15

I understand that Windows later-than-or-equal-to Vista provides the mklink shell command. I'd like to make use of this from the Msys terminal. Any idea how?

When I enter mklink on the msys terminal, it outputs sh: mklink: command not found. Msys only provides a fake ln utility which appears to be effectively the same as cp.

I tried writing a shell script to open a Windows shell and run mklink within it, but when my shell script tries to execute cmd /C <instructions>, msys brings the Windows shell to the foreground of the current terminal and leaves it there, without running the instructions.

15

Using cmd //c mklink directly on the MSYS bash command line should work.

$ cmd //c mklink
Creates a symbolic link.

MKLINK [[/D] | [/H] | [/J]] Link Target

        /D      Creates a directory symbolic link.  Default is a file
                symbolic link.
        /H      Creates a hard link instead of a symbolic link.
        /J      Creates a Directory Junction.
        Link    specifies the new symbolic link name.
        Target  specifies the path (relative or absolute) that the new link
                refers to.

Note: The mklink command and arguments need to be provided as a single argument to cmd. Quote the entire command like so

cmd //c 'mklink link target'

Note that the command would normally be

cmd  /c 'mklink link target'

which would work in Cygwin and other shell environments, and even in an existing CMD session.  However, msys seems to mangle command-line arguments (to Windows commands), and it interprets /c as a pathname to the root of the C disk, and converts it to c:\.  Typing //c has been found to cause msys to pass the /c option to cmd.  See How to run internal cmd command from the msys shell?

4
  • I get the same result as you when I enter the command you entered, but when I supply the necessary arguments to actually make a link cmd /c mklink <link> <target>, then it opens the Windows shell in my current msys window. – JellicleCat Feb 14 '13 at 18:11
  • Ah, the mklink command and arguments need to be quoted. Answer amended accordingly. – ak2 Feb 15 '13 at 9:19
  • 2
    ...AND you need to escape the /c parameter, using //c instead. See superuser.com/a/526777/50251. – rsenna May 24 '14 at 3:36
  • Not much consolation, but I am trying to get mklink working without msys in a makefile and it is causing no end of pain. The cmd /c thing almost worked, but then incapacitated mingw32-make (no further output). Wonderful. Think I'm going to find a way to avoid symlinks if this is the case! – Engineer Jul 5 '15 at 15:59
7

You can use Windows native symlinks. To enable it uncomment line with:

MSYS=winsymlinks:nativestrict

in MSYS2 start bat file. And run MSYS2 with admin privileges.

1
  • 1
    In the current version you can set this by uncommenting the respective line in the respective .ini-files (msys2,ini, etc.) in the Msys2 installation folder (C:\msys64 by default). – TNT Mar 11 '18 at 9:52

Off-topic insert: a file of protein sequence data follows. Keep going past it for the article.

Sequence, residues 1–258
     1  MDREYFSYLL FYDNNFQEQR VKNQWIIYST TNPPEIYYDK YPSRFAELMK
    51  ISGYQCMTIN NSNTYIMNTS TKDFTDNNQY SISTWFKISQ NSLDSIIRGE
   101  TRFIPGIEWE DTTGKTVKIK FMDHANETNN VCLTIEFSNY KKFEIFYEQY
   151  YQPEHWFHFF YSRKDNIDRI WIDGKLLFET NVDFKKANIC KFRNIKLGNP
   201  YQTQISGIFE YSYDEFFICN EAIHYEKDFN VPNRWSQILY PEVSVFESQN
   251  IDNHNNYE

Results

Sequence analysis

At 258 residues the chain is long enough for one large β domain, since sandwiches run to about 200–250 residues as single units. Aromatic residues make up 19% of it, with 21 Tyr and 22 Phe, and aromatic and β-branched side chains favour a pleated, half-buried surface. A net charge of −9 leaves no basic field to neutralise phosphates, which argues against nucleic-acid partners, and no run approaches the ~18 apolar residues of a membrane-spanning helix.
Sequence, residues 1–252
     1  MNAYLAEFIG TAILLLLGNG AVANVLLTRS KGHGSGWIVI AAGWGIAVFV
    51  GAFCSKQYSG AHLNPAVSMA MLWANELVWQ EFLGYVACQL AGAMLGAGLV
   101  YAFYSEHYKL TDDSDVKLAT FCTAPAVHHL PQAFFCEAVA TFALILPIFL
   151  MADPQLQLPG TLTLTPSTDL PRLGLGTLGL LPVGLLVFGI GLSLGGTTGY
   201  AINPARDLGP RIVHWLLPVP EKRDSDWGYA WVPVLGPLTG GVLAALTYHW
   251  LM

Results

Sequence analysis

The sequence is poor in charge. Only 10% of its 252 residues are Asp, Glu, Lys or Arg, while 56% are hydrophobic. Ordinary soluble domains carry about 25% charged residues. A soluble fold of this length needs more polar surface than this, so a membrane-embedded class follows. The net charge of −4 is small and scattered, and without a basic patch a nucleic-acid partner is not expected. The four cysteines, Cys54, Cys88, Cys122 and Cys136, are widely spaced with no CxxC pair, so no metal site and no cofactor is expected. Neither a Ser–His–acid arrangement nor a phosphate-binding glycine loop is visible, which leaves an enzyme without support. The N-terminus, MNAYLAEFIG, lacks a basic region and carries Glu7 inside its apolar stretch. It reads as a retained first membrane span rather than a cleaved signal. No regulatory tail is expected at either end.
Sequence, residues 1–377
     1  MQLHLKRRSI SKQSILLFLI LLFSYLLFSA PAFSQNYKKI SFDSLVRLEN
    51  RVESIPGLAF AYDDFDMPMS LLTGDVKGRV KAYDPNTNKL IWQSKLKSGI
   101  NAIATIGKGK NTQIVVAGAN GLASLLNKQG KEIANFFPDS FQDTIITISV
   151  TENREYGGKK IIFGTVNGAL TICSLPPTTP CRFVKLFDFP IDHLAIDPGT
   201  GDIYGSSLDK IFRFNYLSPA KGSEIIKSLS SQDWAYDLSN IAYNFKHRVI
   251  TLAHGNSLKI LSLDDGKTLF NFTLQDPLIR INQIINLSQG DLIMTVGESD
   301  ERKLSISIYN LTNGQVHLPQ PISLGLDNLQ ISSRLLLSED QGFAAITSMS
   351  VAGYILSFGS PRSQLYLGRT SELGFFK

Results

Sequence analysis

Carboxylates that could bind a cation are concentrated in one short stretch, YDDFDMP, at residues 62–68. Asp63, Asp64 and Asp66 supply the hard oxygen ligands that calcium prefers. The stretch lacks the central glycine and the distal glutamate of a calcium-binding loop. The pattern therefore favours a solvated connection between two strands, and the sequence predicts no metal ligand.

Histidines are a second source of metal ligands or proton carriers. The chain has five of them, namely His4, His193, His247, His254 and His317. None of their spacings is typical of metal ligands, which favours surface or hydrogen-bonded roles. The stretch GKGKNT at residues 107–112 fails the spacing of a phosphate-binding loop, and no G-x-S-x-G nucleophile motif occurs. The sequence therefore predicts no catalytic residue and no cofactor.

5

Windows 10 now supports symbolic links without needing to run as administrator, so long as you turn on developer mode in the Windows settings.

Once that is done, you can get ln working correctly with a single line in a .bashrc file in your home directory!

export MSYS=winsymlinks:nativestrict

(I was not able to figure out where the equivalent .ini file is in my Git Bash installation. But setting the environment variable there would probably work, too.)

More details in this very helpful article by Josh Kelley: https://www.joshkel.com/2018/01/18/symlinks-in-windows/

4

MSYS=winsymlinks:nativestrict requires you to run MSYS2 in elevated mode, I'm really not comfortable with that.

This script only prompts for UAC elevation when invoked, of course it won't be useful for scripting then, but at least it suits my needs:

  • ~/scripts/sh/msys2-ln.sh:

    #!/bin/sh
    if [ "$#" -eq 2 -a "$1" == "-s" ]; then
        TARGET="$2"
        LINK=$(basename "$TARGET")
    elif [ "$#" -eq 3 -a "$1" == "-s" ]; then
        TARGET="$2"
        LINK="$3"
    else
        echo "this weak implementation only supports \`ln -s\`"
        exit
    fi
    
    if [ -d "$TARGET" ]; then
        MKLINK_OPTS="//d"
    fi
    
    TARGET=$(cygpath -w -a "$TARGET")
    LINK=$(cygpath -w -a "$LINK")
    
    echo "$TARGET"
    echo "$LINK"
    cscript //nologo ~/scripts/wsh/run-elevated.js \
        cmd //c mklink $MKLINK_OPTS "$LINK" "$TARGET"
    
  • ~/scripts/wsh/run-elevated.js

    var args = WScript.Arguments;
    if(args.length == 0){
        WScript.Echo("nothing to run");
        WScript.Quit(0);
    }
    
    var quoted_args = [];
    for(var i = 1; i < args.length; ++i){
        var arg = args(i); // it's a callable, not array like
        if(arg.indexOf(" ") != -1){
            arg = "\"" + arg + "\"";
        }
        quoted_args.push(arg);
    }
    
    var SHAPP = WScript.CreateObject("shell.application");
    SHAPP.ShellExecute(args(0), quoted_args.join(" "), "", "runas", 1);
    
  • ~/.bashrc

    # workaround for MSYS2's awkward ln
    if [ $- == *i* -a ! -z $MSYSTEM ]; then
        alias ln='~/scripts/sh/msys2-ln.sh'
        alias ecmd='powershell "start-process cmd.exe \"/k cd /d $(pwd -W)\" -verb runas"'
    fi
    

The additional ecmd alias launches an elevated cmd in current directory, might be useful sometimes, and it also serves as an example of acquiring UAC elevation through powershell, if somebody knows how to escape this thing properly, we can ditch that WSH helper.

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